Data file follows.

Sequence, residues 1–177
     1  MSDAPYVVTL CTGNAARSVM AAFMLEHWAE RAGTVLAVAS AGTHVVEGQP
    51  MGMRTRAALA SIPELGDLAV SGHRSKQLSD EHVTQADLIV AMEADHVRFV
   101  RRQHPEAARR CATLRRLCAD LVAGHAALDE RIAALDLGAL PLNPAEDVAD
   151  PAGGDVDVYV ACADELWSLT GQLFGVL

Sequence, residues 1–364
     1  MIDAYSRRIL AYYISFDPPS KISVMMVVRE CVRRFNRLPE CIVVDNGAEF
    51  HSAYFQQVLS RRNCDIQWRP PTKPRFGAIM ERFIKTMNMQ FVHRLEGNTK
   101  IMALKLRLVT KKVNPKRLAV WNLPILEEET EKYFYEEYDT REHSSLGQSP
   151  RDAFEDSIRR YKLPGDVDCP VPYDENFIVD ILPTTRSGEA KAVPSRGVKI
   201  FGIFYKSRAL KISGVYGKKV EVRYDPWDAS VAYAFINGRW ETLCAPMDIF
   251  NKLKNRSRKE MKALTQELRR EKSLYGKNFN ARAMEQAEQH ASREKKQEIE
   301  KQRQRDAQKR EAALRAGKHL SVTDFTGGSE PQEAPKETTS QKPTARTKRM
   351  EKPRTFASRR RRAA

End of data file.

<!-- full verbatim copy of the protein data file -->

Sequence, residues 1–177
     1  MSDAPYVVTL CTGNAARSVM AAFMLEHWAE RAGTVLAVAS AGTHVVEGQP
    51  MGMRTRAALA SIPELGDLAV SGHRSKQLSD EHVTQADLIV AMEADHVRFV
   101  RRQHPEAARR CATLRRLCAD LVAGHAALDE RIAALDLGAL PLNPAEDVAD
   151  PAGGDVDVYV ACADELWSLT GQLFGVL

Sequence, residues 1–364
     1  MIDAYSRRIL AYYISFDPPS KISVMMVVRE CVRRFNRLPE CIVVDNGAEF
    51  HSAYFQQVLS RRNCDIQWRP PTKPRFGAIM ERFIKTMNMQ FVHRLEGNTK
   101  IMALKLRLVT KKVNPKRLAV WNLPILEEET EKYFYEEYDT REHSSLGQSP
   151  RDAFEDSIRR YKLPGDVDCP VPYDENFIVD ILPTTRSGEA KAVPSRGVKI
   201  FGIFYKSRAL KISGVYGKKV EVRYDPWDAS VAYAFINGRW ETLCAPMDIF
   251  NKLKNRSRKE MKALTQELRR EKSLYGKNFN ARAMEQAEQH ASREKKQEIE
   301  KQRQRDAQKR EAALRAGKHL SVTDFTGGSE PQEAPKETTS QKPTARTKRM
   351  EKPRTFASRR RRAA